X-Men: Days of Future Past is a very good and enjoyable movie that manages to incorporate a lot of different Mutants from various timelines with action, suspense, solid special effects and moments of humor. The All-Star cast which includes the likes of Hugh Jackman, Jennifer Lawrence, James McAvoy, Patrick Stewart, Ian McKellen, Peter Dinklage and Halle Berry do a wonderful job of bringing the characters from the pages of Marvelís X-Men comics to life, while director Bryan Singer attempts to repair some of the mistakes made in previous X-Movies (mainly X-Men: Last Stand). Singer also moves to lay the groundwork for an all-encompassing X-Cinematic Universe, doing for Mutants what Disney and Marvel Studios have done for the Avengers. In this regard, I feel the movie has come up a little short.
The basic premise of the movie is that in some not-so-distant future, Mutants and even humans are on the verge of extinction thanks to a deadly army of Mutant Hunting Robots known as Sentinels, think Terminator only with Mutants thrown in the mix. In a last ditch effort to save themselves, Professor Charles Xavier (Patrick Stewart) and Erik Lehnsherr aka Magneto (Ian McKellen) come up with a plan to send someone back (well specifically someoneís consciousness back to their younger body) at the end of the Vietnam War in the early 1970ís to stop the machinesí creation. The problem is that such a long time jump puts too much stress on the human brain causing irreparable brain damage, unless you have a healing factor that is. So you guessed it, the one who goes back in time is Wolverine (Hugh Jackman). Once back in his younger 70ís body, Wolverine seeks out the young Professor X (James McAvoy) and Magneto (Michael Fassbender) for help and all the real fun begins.
As I mentioned before, the movie by itself is really good, and I think most everyone from die-hard comic fans to more casual moviegoers will enjoy this one. However, the movie does have a few continuity issues mostly involving events portrayed in the X-Men spin-off Wolverine movies as well as leaving some major questions from X-Men: The Last Stand unanswered. For instance, remember how old Professor X (Patrick Stewart) seemingly died at the hands of Jean Grey in X-Men 3? We sure do and when we saw the older Xavier pop up in the after-credits scene of the last Wolverine movie, we were hoping we would be getting some answers as to how he was alive again in this new movie. We donít. In fact, that entire scene at the end of The Wolverine which was specifically created to be a lead-in for this movie makes little sense to me since that scene took place in the present while this new movie takes place in the past and future.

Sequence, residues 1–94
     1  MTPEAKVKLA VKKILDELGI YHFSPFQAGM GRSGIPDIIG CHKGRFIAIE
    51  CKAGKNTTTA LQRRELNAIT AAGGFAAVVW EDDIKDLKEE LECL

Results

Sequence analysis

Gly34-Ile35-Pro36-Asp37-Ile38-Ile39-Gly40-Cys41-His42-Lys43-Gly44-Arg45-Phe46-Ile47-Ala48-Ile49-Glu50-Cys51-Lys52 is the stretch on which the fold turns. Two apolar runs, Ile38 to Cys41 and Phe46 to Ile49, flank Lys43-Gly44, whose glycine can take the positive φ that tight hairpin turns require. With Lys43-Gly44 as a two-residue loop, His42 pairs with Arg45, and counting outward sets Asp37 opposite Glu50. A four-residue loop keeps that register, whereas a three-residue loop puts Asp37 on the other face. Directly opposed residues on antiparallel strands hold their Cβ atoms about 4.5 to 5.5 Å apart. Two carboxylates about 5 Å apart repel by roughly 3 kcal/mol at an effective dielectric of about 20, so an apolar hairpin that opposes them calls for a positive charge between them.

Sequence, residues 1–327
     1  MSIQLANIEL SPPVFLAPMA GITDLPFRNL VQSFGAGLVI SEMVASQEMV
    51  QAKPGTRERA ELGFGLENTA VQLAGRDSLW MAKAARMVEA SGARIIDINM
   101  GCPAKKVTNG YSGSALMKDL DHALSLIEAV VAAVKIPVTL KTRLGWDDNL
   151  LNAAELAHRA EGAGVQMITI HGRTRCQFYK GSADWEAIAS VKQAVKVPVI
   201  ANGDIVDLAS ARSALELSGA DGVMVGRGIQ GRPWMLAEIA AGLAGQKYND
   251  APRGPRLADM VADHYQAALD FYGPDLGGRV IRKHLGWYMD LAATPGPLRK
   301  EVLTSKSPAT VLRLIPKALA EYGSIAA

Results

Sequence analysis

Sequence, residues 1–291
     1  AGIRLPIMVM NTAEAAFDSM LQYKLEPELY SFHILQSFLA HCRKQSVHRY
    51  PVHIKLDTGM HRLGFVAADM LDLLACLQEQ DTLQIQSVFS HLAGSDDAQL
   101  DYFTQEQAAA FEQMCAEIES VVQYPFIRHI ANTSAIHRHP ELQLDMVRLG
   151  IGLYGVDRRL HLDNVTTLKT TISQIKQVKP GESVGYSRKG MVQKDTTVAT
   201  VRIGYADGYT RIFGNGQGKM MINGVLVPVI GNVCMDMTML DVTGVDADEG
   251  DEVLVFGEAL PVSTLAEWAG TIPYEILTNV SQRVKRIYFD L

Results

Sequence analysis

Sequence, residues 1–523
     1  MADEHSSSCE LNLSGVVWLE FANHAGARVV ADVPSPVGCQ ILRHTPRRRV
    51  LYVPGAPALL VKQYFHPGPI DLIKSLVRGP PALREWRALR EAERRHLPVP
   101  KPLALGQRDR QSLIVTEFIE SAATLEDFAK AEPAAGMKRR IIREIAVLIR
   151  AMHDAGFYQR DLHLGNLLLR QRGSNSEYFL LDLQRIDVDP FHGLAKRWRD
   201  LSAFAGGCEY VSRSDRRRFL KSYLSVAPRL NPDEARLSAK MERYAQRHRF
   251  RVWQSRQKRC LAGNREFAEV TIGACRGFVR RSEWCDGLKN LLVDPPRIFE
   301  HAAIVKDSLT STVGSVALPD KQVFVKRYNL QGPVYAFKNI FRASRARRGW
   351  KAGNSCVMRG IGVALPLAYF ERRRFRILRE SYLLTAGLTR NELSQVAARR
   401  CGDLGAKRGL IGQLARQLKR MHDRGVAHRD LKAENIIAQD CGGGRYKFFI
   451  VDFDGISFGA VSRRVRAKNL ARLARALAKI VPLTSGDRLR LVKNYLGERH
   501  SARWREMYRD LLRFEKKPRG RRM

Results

Another continuity issue involves Wolverine himself and events depicted in this movie as to where he is and who he knows by the end of the Vietnam War and those depicted in the first Wolverine movie. I wonít go into specifics since it might be considered spoilerish, but when you go to watch this new movie just remember that in the first Wolverine movie it was established that Logan was serving in the US military with his brother Victor Creed (Sabretooth) over in Vietnam and was sentenced to life in prison thanks to actions taken by his brother until one Major William Stryker came along and recruited them for a special Mutant team.
The continuity issues for me are a bit of an annoyance, especially considering how Singer and 20th Century Fox have been talking so much recently about building up this big Mutant cinematic universe, but not enough for me to dislike the movie. I hope one day we get answers to how old Xavier seemingly came back to life, though honestly everything about X-Men: The Last Stand is probably best left forgotten. I will say for those who were unhappy with that movie, this movie should make you happy so take heart. Even if itís not perfect, I enjoyed this movie and feel good about the future of the X-Men (yes even if Marvel Studios isnít getting the rights back to them anytime soon).
Oh, make sure that you stay through the end of the credits to see a scene worth staying for.